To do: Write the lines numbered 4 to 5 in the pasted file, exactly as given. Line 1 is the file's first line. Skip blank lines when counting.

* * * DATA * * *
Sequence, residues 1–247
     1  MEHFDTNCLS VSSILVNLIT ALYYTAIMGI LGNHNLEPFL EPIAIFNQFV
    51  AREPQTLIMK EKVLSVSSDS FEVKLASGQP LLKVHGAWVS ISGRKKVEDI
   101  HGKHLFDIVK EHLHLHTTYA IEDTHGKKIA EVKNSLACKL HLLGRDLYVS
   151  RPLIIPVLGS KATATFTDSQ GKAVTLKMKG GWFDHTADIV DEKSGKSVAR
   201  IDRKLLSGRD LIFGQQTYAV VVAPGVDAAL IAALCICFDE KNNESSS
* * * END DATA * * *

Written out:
   101  HGKHLFDIVK EHLHLHTTYA IEDTHGKKIA EVKNSLACKL HLLGRDLYVS
   151  RPLIIPVLGS KATATFTDSQ GKAVTLKMKG GWFDHTADIV DEKSGKSVAR